I think of Christmas baskets delivered, with bread and more, to home bound members, and others whose names had come to the attention of the elders, and then a pageant in the sanctuary when the brightly colored windows were dark; it was the crowns of the wise men, looking *exactly* like those worn at the stable in Bethlehem, that cast flashes of light and hue across the polished wooden pews with the glitter of their marvelous fake jewels and carefully wrapped foil. Their brocaded robes and gently cradled gifts were messages directly to me from across the ages and the pages of the gospels, promises of God having even more to say when I learned how to hear.

Nowhere did God's voice seem clearer than at communion, if only with the words across the front of the table: "This Do In Remembrance of Me." There is a promise of bread in the grain framing the grapes in the Benham Room windows under the balcony at the back of the church, those elements of communion being the only actual images shown in the geometry of the stained glass, other than the Holy Bible perched atop the south wall. Communion was real, and nothing made it more real than the Sundays when you knew, looking at the nested tower of communion ware, that the elements were there because you and your family had put them there, either that morning or the evening before. Bread, in the form of small rectangles of inedible off-white something, was always carefully poured out into the smaller plates as we filled the larger cup holders with small glasses of grape juice right out to the edges.

Sharon Watkins, our current Disciples' General Minister and President, and former neighbor minister down the road at Boone Grove, likes to tell a story about something she learned from a neuroscientist. "Where is the edge of your brain?" she asks. It turns out that it isn't a horizon in your skull, but your brain extends through your nervous system, and in fact the edges of it extend to your outstretched fingertips.

"Where is the edge of the church?" Dr. Watkins continues. For First Christian Valpo, it turns out that our fingertips, our extensions of contact and touch and feeling reach as far as Australia & New Zealand; to Bethany, West Virginia by way of Wooster, Ohio; and an odd assortment of other places we've gotten our fingers into. Our Timothys and Eunices are in congregations around the United States, and our influence extends even into other denominations . . . but if you grew up at First Christian, you still look to the Table for your focus, for your center, for a place where you can count on being welcome.

And we carry forth our welcome, our invitation to God's table, into homeless shelters and jail ministries, through regional & general assemblies to our fellow Disciples, as part of food pantries and Mother's Days Out; at World Jamborees of the Scouting Movement, with retirees to the Rio Grande Valley and the Smoky Mountains, among Civil War re-enactors and pilots and police officers and nurses and college professors and steelworkers.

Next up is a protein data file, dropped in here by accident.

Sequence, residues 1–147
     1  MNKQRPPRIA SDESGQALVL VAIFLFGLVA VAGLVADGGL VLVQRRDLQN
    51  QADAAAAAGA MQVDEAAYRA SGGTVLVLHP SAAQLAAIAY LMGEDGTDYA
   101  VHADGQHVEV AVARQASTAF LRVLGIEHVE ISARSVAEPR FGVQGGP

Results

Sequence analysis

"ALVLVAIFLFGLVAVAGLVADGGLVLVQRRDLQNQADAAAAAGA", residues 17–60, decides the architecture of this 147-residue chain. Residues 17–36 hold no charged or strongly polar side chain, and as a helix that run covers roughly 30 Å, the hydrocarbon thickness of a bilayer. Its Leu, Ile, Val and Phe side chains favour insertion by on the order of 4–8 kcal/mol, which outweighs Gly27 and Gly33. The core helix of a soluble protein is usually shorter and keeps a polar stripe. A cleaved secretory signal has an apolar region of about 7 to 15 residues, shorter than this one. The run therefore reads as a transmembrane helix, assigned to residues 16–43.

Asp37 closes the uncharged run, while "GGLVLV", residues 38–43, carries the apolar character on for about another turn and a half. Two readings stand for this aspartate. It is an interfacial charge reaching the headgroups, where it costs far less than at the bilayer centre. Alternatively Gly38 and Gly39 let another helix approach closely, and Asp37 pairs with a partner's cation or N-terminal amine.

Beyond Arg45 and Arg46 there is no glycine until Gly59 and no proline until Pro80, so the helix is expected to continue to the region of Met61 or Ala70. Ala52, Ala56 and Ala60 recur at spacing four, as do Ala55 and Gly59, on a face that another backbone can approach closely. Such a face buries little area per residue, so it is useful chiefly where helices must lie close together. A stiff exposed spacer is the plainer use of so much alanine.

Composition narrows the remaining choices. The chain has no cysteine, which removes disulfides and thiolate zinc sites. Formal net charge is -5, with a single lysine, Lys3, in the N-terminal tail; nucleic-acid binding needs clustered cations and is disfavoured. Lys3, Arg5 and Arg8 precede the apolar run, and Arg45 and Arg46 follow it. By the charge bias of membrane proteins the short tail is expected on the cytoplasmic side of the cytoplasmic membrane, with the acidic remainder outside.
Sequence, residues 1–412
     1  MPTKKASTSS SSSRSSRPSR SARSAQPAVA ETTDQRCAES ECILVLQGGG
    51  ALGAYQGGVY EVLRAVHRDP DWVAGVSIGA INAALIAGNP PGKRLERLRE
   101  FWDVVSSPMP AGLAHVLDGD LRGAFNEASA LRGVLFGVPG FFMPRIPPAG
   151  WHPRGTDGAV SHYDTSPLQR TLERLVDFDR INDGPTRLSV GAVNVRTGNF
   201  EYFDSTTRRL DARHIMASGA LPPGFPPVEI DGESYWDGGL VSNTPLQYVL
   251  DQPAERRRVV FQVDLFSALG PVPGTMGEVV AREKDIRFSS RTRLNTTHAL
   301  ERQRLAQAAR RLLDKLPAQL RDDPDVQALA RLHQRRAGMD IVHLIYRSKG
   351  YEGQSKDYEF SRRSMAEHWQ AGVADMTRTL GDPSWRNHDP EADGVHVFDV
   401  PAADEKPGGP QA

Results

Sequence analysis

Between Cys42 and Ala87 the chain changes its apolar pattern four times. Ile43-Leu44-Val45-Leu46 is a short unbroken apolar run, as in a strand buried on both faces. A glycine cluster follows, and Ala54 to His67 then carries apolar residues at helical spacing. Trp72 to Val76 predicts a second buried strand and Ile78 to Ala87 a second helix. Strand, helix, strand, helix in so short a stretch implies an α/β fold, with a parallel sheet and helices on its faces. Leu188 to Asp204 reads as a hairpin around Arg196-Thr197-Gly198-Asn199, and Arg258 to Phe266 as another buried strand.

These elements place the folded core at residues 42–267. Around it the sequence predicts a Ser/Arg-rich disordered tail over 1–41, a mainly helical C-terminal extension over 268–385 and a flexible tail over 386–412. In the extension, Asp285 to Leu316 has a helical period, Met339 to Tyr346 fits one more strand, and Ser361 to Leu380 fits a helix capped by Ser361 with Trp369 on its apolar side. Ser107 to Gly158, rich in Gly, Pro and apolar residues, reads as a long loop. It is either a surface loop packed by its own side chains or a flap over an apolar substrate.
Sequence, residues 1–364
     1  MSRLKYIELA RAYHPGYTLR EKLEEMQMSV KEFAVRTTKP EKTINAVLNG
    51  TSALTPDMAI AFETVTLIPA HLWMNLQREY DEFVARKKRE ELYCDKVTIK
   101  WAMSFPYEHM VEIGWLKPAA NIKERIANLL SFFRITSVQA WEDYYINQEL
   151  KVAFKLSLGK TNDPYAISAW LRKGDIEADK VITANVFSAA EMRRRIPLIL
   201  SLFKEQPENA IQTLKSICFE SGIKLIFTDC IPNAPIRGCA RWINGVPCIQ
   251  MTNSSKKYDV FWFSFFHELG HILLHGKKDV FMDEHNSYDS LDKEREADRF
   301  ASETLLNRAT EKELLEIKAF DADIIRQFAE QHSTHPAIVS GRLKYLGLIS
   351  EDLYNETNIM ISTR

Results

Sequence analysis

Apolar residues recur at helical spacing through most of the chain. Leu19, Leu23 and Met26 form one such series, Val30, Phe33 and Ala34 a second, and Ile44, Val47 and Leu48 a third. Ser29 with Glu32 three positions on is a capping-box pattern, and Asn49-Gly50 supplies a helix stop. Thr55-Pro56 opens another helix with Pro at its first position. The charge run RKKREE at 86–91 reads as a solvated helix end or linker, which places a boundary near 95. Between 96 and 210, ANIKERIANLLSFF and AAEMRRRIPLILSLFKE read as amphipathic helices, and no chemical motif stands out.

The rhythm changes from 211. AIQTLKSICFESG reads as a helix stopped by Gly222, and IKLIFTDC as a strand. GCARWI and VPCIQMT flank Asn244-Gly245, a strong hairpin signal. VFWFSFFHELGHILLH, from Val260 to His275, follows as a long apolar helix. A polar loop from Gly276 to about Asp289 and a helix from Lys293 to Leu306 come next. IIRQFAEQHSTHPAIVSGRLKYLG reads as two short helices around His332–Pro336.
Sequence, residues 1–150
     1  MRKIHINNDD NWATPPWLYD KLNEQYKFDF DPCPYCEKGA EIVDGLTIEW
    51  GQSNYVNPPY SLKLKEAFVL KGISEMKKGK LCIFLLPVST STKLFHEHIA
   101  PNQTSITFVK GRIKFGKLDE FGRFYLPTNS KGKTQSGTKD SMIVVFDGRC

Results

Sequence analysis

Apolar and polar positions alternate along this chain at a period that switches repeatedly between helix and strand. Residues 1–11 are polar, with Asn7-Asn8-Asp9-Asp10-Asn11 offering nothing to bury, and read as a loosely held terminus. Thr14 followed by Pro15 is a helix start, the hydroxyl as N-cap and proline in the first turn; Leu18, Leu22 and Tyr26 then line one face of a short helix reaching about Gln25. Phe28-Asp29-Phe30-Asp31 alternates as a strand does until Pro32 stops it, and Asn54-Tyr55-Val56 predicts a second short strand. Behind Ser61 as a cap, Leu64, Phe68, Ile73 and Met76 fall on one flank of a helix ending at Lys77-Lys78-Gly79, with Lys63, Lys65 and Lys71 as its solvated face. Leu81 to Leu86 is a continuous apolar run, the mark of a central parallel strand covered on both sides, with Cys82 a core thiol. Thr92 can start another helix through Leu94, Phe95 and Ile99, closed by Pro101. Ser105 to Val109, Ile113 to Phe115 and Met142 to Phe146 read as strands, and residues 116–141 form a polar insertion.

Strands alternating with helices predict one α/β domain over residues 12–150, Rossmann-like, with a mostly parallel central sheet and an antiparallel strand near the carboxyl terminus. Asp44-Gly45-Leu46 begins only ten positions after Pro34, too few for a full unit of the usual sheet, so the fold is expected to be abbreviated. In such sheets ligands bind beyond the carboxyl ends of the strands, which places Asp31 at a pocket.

As one of First Christian's Timothys, I have an ordination certificate on my office wall with signatures on it like Irene Roeder, C.D. Clover, William Eckert, and Ronald Gill. My service of ordination was almost but not quite at 7 Chicago Street, since by August of 1989 the building had been condemned, but not yet brought down . . . so our worship was in a large tent in the west yard across the alley. We had more Scout uniforms than robes, and folding chairs instead of pews, and canvas in place of stained glass, but it was still First Christian Valpo in worship: because the Good News was proclaimed, and the Table was shared. Everyone was invited, and we ate and drank and gave thanks. Then, we left.

To share the bread, we have to break the loaf, and distribute the pieces. You can't have your cake and eat it, too; you also can't just set a lovely loaf up on a shelf and expect it to just sit there. It's meant to be broken, and eaten. And then it finds new life in we who partake. When we worship, it continues in a new way after the benediction, as the body that has been gathered, and formed, is dispersed. Are we still a church then? Yes. Just as a loaf of bread has meaning even after – maybe especially after – every scrap of it has been eagerly eaten by hungry people.

Then, that loaf of bread is at work in and through those who ate it, who are thereby empowered to go out and do what needs to be done. Maybe even doing some good more abundantly. That's what our history at First Christian Valpo is about: we know where bread, the Bread of Life, can be found, and we want to share it, and we want to make use of what that Bread does in us, "for good to be done more abundantly."

In grace and peace,
Rev. Jeff Gill
Granville, OH